***** (Five stars)
In this cheeky documentary, filmmaker Trisha Ziff humorously shows how the image of Che Guevara has become as recognizable a worldwide brand as the Nike Swoosh or the McDonald's arches. She points out, for instance, the numerous items on which one might now find the revolutionary's bearded visage: T-shirts, bikinis, baby socks and, of course, thousands of posters pinned to teenagers' walls.
What makes this film more than just a detached joke is that Ziff also fills the viewer in on who Guevara really was and what he was fighting for. The context she provides around the famous source photo—it was taken during a moment of great sadness, after Guevara learns of a terrorist act that cost many Cuban dockworkers their lives—eloquently humanizes the man and his cause. No matter one's thoughts about the Marxist movement in Cuba, Ziff's doc reinstates Guevara as a historical figure, as opposed to a countercultural symbol. And if you happen to own anything with Che's image on it, this film is required viewing.—Brian Vrabel, account manager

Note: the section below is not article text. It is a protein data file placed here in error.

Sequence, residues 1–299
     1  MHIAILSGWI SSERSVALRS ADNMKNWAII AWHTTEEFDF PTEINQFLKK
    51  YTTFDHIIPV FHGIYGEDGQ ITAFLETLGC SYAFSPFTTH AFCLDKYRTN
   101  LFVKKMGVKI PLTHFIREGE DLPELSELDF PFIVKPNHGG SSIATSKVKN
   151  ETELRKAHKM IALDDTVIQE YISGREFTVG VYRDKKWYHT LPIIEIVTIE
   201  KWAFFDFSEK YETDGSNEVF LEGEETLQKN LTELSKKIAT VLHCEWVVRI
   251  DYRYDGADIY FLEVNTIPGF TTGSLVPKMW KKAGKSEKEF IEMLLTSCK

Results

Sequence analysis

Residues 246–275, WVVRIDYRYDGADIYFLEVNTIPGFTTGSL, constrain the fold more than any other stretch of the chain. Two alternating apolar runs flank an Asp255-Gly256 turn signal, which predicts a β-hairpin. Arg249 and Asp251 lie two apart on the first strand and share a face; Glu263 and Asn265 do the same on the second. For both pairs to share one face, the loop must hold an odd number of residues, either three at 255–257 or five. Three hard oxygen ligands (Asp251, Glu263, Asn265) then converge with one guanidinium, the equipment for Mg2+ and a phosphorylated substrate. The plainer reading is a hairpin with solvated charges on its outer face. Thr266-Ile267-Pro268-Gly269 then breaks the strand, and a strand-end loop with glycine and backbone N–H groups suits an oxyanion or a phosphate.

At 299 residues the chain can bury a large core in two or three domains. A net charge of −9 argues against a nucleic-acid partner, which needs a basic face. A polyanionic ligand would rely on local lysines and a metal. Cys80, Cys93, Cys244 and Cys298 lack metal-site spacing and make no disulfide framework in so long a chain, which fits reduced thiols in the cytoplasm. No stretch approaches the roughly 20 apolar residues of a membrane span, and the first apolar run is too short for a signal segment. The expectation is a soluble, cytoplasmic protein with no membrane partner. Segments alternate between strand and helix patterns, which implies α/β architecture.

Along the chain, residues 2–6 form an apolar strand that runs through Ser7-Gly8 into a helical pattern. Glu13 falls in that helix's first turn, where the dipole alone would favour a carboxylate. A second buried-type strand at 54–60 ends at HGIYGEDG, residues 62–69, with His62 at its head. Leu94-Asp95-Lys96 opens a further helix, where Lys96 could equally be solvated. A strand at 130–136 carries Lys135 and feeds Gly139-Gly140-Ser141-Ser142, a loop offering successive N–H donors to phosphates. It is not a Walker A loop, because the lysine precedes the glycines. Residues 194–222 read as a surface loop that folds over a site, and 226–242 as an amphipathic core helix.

[This is a TONY staff review, written for the 2008 Tribeca Film Festival. It is not considered an official review and should not be read as such. Please think of it as a casual impression from a movie-loving friend.]